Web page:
People will complain about privacy even as they don their Google glasses and other wearable computers.

People will complain about privacy even as they don their Google glasses and other wearable computers.

It’s January, and everyone’s fancy turns to predicting the future. Okay, maybe not everyone’s, but that’s what you’ll hear a lot about this time of year. December is for looking backwards and January is the forward-looking month.

JWT, a division WPP Group (formerly known as J. Walter Thompson), always makes predictions about marketing communications in the new year.

This year, JWT writes that people have been motivated by what’s called FOMO (fear of missing out). And it has been one of the main drivers (besides convenience) in our adoption of communications technology. We have also given up a great deal of privacy in exchange for always being in the know. It’s not that we wanted to give it up; it was just part of the bargain. JWT thinks this is the year we the consumers will take some of our privacy back. It’s what tech blogger Anil Dash calls JOMO (joy of missing out).Read full post...


The art (and science) of persuasion

Using science to get into the customer’s brain

Using science to get into the customer’s brain

One of the most interesting new business pitches I was ever involved in was when a prospective B2B client, a large and well-known electronics company, was trying to introduce a new product line. The problem was, these new products were very different from those that the company was well known for.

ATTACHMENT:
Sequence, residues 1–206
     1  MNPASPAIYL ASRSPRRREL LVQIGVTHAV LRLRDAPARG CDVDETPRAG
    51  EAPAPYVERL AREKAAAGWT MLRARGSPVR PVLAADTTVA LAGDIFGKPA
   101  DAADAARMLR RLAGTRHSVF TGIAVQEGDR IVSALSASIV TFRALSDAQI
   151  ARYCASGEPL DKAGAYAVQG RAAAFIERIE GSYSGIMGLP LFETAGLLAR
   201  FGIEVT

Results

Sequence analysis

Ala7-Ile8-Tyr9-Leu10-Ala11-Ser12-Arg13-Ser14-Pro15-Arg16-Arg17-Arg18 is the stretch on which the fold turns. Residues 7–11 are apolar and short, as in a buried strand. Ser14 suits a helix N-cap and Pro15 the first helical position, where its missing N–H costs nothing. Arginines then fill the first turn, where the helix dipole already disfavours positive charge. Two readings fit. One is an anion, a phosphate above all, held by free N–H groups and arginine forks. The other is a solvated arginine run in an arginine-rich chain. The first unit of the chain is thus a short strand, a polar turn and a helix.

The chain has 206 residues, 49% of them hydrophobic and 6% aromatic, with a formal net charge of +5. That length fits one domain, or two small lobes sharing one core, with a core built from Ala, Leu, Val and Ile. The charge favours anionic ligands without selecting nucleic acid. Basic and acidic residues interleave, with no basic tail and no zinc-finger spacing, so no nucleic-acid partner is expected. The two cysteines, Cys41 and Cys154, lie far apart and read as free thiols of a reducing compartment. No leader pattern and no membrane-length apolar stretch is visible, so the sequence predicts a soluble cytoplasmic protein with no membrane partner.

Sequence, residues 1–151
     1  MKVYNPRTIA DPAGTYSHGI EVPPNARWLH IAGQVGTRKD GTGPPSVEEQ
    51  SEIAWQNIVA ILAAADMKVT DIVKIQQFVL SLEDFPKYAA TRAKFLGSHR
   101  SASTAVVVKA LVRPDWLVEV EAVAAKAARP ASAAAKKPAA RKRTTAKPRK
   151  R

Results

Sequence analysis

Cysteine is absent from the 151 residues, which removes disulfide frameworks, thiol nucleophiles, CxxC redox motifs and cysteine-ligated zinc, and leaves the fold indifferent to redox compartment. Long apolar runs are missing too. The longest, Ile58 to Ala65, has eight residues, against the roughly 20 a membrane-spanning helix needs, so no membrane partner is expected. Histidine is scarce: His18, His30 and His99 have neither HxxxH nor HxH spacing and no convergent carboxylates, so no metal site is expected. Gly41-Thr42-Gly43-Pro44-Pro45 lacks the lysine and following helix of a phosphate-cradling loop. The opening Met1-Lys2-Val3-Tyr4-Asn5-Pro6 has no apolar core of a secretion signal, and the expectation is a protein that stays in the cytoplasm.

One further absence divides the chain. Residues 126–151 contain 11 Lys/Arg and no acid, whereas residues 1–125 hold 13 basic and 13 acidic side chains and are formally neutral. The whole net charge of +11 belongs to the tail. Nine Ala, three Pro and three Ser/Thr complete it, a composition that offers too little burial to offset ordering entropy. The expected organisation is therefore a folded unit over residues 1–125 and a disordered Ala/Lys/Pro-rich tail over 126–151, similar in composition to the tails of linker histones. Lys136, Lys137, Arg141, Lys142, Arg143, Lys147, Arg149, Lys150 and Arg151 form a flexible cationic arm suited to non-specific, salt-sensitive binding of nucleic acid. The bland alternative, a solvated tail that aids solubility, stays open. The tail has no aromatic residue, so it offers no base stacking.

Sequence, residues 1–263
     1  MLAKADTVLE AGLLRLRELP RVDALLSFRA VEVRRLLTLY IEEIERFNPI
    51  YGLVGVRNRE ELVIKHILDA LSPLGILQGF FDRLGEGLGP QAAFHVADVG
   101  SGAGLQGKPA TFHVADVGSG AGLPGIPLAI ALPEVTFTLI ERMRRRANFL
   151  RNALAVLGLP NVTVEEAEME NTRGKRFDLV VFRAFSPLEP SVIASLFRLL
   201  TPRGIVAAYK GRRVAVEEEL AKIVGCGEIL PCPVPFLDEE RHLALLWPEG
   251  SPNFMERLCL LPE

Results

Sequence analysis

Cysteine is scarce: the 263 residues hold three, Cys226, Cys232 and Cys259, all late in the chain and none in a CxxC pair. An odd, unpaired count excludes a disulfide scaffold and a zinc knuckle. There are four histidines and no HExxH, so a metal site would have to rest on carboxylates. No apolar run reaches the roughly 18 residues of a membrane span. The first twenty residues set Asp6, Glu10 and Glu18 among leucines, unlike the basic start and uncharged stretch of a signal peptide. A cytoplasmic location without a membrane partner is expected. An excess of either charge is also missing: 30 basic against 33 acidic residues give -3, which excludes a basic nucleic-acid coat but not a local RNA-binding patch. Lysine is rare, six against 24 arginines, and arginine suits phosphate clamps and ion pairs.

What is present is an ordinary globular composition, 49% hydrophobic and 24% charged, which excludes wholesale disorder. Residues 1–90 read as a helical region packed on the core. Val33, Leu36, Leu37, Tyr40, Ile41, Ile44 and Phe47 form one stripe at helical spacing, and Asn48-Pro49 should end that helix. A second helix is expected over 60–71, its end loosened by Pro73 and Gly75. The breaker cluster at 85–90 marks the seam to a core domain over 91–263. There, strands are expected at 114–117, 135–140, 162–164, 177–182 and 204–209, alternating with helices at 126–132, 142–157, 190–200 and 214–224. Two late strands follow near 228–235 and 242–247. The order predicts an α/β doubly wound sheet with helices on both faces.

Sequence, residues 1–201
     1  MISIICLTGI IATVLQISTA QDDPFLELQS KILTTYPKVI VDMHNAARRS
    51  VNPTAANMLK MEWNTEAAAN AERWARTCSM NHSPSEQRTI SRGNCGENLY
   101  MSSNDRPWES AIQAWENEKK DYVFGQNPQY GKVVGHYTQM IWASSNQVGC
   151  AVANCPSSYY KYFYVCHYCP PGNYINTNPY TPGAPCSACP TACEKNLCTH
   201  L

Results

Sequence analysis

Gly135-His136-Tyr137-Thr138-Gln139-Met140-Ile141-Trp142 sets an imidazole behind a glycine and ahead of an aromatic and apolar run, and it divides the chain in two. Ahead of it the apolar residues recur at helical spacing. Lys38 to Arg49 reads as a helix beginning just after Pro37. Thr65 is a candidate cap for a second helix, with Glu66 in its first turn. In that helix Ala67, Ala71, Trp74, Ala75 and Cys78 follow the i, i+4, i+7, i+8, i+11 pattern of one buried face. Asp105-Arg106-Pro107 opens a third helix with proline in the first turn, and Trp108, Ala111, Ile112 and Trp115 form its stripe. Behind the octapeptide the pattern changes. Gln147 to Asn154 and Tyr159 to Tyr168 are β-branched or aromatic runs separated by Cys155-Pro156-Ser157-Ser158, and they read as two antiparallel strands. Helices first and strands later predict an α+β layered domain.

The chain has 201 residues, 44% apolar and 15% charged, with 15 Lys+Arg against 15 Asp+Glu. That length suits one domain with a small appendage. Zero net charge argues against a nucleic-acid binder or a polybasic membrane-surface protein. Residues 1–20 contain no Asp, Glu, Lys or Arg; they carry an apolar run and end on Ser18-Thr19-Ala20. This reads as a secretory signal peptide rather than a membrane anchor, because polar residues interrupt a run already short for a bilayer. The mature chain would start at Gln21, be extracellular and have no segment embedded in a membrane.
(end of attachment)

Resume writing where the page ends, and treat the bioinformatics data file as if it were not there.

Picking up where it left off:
The client had spent considerable sums introducing the new line, yet had made little headway in the market. So they opened this assignment to other agencies.

We were briefed, we developed creative, and we took it to a focus group. The creative bombed, badly. But why it bombed was the same reason the product line was getting so little traction — in the mind of the customer, these new products just didn’t fit with the way they perceived the company.

Well, we quickly regrouped and developed new creative. But this time, rather than just introduce the new products, we built a connection between them and the products the company was known for. The new creative worked well, helping to create an “aha” moment with people in the second focus group.

In our final presentation to the client, we took them through our experience, even showing the creative that bombed. Not only did we win the work for the new product line, we became agency-of-record for the entire account. We also learned a valuable lesson in the art of persuasion.

We called it, “meeting the audience at its mindset.” Read full post...